“Relocation Has Increased Unfair Competition In Industry”

Board member at Iberdrola and Tubacex, Manuel Moreu MunaizBoard member at Iberdrola and Tubacex, Manuel Moreu Munaiz

Board member at Iberdrola and Tubacex, Manuel Moreu Munaiz believes relocation has increased unfair competitition in industry in Spain.

Q: There hasn’t been much interest in industry in Spain.

A: That’s true. After 25 years of relocation in industry, when there have been problems with intellectual property, this has created unfair competition in an asymetric market, no matter how much talk their is of competition in the free market. Recently we have seen help given to shipyards and shipping companies in the Far East, without anyone making any comment. Of course now all of it is in the eye of the storm, as a result of the elections in the US, with unimaginable consequences, where people could pay for the sins of others. I would say that on this particular point, we engineers are very concerned. The Institute of Engineering in Spain has for years been endorsing the signing of a state pact with industry, with the collaboration of the political parties, unions, the civil society and business organisations. And we hope this will soon be a reality.

Q: What sectors would this affect?

A: Such a massive effort is needed, in order to rise to 20% of industrial GDP from 13% and generate over 1 million jobs that it’s “all hands on deck.” One positive point is that we have very good infrastructures with which to gain competitiveness and we are located in a strategic enclave for offering logistic services, both in transit and our own, although with routes which need substantial improvements. Sectors like agrifood are already reacting, with the additional advantages of bringing jobs to rural locations, reducing the depopulation affect…Our tourism and our gastronomic riches need to be a shop window for this sector.

Q: And what about the automotive sector?

A: The automotive sector, both in terms of components as well as vehicles, is doing really well. Although there are always new threats. Top quality vehicle design services need to be brought into Spain, where undoubtedly we’ll be competitive. The same is true for the railway sector. The potential for exports and job creation is huge. The maritime sector also offers great potential in terms of construction and operation. We are very deficient in these services and are strategically placed to provide them. Strengthening scheduled services is strengthening trade. As far as construction materials go, we have allowed a very strong industry decline. This could have been maintained by having channels for export available. We’re talking state-of-the-art in as far as ceramic or stone coatings go. And this could and should reemerge in a lot of other areas.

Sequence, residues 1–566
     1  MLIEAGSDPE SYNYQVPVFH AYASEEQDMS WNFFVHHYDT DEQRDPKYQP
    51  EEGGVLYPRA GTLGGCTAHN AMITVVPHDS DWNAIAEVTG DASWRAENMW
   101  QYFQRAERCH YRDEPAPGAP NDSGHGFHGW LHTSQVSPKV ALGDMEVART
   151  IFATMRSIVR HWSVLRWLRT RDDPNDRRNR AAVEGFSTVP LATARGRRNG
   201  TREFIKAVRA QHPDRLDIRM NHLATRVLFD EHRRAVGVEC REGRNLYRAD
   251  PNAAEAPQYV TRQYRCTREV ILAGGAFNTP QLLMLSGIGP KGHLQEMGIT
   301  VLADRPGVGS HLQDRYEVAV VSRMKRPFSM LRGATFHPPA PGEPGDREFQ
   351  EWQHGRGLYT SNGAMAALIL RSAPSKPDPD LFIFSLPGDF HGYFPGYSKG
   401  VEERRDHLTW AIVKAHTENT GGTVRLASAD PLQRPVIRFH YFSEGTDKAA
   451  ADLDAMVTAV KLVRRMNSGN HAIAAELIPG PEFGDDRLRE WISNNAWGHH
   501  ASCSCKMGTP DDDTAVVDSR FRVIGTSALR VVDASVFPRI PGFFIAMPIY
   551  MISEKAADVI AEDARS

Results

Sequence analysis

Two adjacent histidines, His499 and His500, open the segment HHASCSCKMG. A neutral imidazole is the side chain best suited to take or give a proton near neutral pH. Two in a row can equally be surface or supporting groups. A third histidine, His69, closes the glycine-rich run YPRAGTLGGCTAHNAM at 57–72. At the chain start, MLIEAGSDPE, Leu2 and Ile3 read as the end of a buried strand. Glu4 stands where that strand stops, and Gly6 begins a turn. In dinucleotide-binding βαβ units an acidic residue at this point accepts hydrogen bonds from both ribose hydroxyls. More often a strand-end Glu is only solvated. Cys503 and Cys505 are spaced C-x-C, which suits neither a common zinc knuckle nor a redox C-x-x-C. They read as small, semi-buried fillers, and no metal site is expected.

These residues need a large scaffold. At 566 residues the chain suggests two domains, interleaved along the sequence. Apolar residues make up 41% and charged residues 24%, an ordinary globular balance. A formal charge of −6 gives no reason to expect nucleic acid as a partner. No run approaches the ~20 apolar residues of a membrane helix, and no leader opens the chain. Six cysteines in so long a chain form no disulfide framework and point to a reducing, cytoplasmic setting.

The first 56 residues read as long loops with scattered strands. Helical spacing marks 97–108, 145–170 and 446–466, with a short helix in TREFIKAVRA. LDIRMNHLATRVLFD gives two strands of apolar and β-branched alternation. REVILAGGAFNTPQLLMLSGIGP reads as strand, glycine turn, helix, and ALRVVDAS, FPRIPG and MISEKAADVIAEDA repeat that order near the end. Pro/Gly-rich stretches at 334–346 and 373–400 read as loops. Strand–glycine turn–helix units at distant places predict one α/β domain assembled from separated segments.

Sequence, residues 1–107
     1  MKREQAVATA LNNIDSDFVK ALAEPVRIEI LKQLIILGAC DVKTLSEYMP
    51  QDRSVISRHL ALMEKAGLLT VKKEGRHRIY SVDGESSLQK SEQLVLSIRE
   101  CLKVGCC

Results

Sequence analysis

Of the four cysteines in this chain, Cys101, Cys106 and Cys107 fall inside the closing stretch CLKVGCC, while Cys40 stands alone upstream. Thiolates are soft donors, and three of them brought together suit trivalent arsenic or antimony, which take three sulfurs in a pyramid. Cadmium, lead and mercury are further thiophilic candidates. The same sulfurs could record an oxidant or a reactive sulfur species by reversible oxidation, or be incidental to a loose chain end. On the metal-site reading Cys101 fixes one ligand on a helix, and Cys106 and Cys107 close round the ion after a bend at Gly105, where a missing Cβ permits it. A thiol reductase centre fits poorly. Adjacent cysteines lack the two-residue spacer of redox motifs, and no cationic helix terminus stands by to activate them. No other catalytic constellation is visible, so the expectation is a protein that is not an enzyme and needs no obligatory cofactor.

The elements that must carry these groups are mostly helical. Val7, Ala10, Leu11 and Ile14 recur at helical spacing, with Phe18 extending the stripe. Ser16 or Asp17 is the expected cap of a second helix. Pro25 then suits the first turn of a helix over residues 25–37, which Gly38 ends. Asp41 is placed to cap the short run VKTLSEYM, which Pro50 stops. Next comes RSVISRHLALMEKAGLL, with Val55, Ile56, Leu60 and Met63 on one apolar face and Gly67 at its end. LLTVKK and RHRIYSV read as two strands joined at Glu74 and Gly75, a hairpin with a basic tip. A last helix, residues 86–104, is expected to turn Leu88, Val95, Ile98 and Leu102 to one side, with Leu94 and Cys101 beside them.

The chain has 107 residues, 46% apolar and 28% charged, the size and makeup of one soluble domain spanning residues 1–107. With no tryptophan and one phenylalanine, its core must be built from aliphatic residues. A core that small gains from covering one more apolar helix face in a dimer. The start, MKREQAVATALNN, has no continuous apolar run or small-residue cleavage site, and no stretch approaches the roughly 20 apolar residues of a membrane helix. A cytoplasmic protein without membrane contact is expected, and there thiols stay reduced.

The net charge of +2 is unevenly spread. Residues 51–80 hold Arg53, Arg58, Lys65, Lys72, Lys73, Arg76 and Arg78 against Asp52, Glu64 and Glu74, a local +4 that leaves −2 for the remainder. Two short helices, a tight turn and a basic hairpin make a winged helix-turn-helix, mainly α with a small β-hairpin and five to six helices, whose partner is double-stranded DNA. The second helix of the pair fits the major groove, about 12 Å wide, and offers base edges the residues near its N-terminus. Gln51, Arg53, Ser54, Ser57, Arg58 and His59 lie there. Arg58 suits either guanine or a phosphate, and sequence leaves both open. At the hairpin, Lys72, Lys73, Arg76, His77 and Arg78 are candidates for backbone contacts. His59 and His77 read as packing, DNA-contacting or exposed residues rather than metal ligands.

Q: How important is it that labour costs in Spain are so competitive?

A: Well I believe that now, labour costs are less important. And hopefully this factor will become the least important. Productivity, along with flexibility and training, are what counts. The first two have clearly improved with this crisis. But the most important, training, is not progressing as it should and many of us think we are going backwards. Furthermore, everyone steers clear of any discussion: the central government, the autonomous regions, the political parties, the press, society, etc.

Q: Is Spain a leader in infrastructure?

A: The truth is that with 10 Spanish companies amongst the 100 most important in the world, you have the answer. But if we add to this the absence of a local market, the answer is obvious, given that all the companies are overseas, with percentages of foreign contracts reaching close to 100%. Our companies compete in infrastructure projects across the globe, on many occasions against each other. We should add that the infrastructure is very varied: energy, transport, logistic, water, communications, tourism, urban, industrial…

Q: What have they learned in Spain which they have later put into practice abroad?

A: It’s evident that the huge infrastructure development in Spain in the years prior to the crisis has favoured this international expansion. This is a real advantage because in international tenders you are required to show you have carried out similar projects. So the developments in Spain have allowed us to compete in bids overseas. But when you have companies with the capacity to develop innovative solutions, you need to change the tender model, thus allowing for gaining the future experience required in the international bids. This is already included in the models of innovative bids in many European countries, but not in Spain.

Q: Do you think the  engineering sector’s situation is improving in Spain?

A: The situation in Spain is still at rock bottom and under these conditions the level of domestic occupancy is ridiculous. Engineering services are contracted solely on price and this is the highest it could be. Excellent engineering services lower the final product of capex and opex. But engineering services without resources will never be able to complete the necessary improvements, causing differences in the quality of the work and cost overruns.

 

 

 

About the Author

Fernando Barciela
Fernando Barciela has been a regular collaborator for Spain's leading daily El Pais' business section since 1994. He is also a regular collaborator on foreign policy. For Grupo Consejeros he interviews the top executives of Spain's listed companies. He was a correspondent with Diario de Noticias, Portugal's leading daily newspaper, in 1987-2004. He has a degree in Business Science and Journalism from the Complutense University.